a dream in doubt

I recently learned about the documentary A Dream in Doubt, "an immigrant story in a world in which patriotism has morphed into murder." The hour-long film tells the story of Rana Singh Sodhi, whose brother was killed in America's first 9/11 revenge murder—gunned down at his gas station in Arizona by a man named Frank Roque, who claimed he was "rooting out a terrorist." Balbir Singh Sodhi was a Sikh American who wore a turban and beard. For this, he was the victim of a hate crime. A Dream in Doubt focuses on Rana as he his left to pick up the pieces:
The film follows Rana as he seeks vindication for his brother's murder by working to educate fellow Phoenix-area residents about hate crimes; acting as the spokesman for his family and the Sikh community; running his gas station to support his family; and, most importantly, attempting to guard his own school-aged children--Rose, Satpreet and Navdeep--from bullying and harassment.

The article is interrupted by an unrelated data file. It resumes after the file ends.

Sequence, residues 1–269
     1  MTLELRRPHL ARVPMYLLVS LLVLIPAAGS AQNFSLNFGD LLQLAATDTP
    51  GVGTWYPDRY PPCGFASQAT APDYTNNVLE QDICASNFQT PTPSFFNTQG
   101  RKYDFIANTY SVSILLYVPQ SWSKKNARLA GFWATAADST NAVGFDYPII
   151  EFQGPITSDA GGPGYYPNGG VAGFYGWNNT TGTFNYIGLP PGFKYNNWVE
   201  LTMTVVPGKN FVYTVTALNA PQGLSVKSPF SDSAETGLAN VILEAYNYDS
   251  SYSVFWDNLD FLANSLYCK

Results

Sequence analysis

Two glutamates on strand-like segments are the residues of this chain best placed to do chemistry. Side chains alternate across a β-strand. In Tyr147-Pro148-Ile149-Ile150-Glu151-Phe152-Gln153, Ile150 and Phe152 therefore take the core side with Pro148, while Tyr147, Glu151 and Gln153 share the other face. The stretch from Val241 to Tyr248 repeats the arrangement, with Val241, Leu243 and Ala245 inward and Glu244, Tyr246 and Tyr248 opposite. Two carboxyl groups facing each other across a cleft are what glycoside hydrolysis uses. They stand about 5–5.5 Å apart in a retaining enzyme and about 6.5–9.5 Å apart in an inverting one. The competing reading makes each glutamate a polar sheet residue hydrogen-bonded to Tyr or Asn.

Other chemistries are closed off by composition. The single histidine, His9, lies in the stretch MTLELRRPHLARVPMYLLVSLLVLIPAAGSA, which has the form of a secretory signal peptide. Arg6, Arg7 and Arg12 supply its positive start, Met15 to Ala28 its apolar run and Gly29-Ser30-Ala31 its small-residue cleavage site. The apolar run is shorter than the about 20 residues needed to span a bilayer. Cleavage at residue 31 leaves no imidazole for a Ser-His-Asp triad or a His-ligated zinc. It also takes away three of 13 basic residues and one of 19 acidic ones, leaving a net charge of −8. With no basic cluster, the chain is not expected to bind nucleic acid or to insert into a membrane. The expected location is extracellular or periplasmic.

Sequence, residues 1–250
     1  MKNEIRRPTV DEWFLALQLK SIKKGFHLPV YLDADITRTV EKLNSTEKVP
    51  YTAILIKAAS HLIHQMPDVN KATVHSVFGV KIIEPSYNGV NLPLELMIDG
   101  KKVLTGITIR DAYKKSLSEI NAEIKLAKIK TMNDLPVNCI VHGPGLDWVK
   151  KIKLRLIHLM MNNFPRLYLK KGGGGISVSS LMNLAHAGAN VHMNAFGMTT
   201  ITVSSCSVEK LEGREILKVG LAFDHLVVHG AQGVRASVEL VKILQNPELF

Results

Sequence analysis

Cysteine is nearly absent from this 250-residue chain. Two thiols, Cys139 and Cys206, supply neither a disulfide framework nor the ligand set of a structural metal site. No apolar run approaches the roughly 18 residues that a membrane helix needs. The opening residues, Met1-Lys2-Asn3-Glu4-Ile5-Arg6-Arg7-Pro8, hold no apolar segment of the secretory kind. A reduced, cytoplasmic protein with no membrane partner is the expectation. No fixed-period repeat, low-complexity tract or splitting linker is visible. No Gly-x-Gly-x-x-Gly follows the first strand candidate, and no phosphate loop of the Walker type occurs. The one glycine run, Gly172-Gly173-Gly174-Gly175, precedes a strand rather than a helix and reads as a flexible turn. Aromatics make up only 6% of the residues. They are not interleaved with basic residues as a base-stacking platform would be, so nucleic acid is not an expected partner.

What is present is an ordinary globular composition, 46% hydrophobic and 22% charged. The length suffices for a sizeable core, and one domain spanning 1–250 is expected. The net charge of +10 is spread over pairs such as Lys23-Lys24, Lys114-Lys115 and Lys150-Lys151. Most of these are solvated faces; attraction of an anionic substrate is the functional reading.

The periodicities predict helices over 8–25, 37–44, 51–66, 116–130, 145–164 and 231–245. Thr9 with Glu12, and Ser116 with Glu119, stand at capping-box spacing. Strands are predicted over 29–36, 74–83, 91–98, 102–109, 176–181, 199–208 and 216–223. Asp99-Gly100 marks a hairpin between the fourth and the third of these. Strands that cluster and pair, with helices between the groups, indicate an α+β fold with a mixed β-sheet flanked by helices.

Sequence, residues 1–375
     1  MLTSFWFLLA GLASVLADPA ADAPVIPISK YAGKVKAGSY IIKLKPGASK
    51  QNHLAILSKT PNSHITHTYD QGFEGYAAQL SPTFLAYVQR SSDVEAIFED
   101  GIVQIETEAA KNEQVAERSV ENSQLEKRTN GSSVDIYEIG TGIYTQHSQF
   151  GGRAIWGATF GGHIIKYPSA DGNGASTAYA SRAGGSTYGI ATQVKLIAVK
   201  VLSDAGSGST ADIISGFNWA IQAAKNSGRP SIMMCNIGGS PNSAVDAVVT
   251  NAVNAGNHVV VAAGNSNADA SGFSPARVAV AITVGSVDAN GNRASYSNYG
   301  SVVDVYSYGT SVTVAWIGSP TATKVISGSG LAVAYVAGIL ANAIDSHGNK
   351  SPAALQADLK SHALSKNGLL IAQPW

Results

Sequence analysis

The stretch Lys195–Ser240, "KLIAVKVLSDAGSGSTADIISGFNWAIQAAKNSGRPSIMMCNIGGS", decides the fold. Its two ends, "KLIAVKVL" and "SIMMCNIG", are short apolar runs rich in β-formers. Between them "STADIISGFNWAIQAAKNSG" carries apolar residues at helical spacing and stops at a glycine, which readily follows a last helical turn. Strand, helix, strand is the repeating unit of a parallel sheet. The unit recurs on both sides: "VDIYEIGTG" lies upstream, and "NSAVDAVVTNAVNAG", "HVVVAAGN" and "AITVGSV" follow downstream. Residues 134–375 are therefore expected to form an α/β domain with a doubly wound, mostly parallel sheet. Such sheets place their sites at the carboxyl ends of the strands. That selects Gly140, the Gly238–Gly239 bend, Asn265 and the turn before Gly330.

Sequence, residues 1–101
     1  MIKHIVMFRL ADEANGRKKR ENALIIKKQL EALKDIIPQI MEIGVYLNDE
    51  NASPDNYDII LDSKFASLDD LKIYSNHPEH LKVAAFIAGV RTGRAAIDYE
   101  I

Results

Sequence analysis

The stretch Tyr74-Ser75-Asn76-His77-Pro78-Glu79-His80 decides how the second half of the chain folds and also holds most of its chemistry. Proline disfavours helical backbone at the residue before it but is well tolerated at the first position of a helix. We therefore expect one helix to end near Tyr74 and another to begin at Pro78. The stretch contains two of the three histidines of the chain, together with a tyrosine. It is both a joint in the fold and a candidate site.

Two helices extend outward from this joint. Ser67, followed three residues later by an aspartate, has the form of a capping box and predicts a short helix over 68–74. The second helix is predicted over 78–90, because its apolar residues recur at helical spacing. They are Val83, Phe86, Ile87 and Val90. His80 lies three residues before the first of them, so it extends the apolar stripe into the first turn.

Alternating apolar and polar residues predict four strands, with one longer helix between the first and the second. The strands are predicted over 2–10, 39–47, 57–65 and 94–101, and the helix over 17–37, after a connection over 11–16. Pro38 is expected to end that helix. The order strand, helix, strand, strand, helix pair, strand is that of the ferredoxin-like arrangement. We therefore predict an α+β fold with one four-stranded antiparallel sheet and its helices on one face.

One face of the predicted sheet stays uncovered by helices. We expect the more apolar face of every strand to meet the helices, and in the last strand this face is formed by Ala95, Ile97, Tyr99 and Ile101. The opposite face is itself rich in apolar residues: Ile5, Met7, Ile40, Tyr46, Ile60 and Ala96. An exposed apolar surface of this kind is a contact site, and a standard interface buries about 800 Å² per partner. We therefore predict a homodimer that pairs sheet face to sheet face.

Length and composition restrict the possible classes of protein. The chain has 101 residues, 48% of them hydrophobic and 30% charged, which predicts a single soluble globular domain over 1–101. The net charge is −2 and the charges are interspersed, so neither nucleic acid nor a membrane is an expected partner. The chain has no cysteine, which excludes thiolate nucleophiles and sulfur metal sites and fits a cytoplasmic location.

It sounds like a very powerful, relevant film. The film had numerous screenings and honors over the last year, including the Grand Jury's Honorable Mention Award for its World Premiere at 2007 Slamdance Film Festival, and the Special Jury Award at the 2007 San Francisco International Asian American Film Festival. The next screening of A Dream in Doubt is later this month, March 20, at the Jorgenson Center for the Performing Arts at the University of Connecticut. To learn more about the film, visit the website here.

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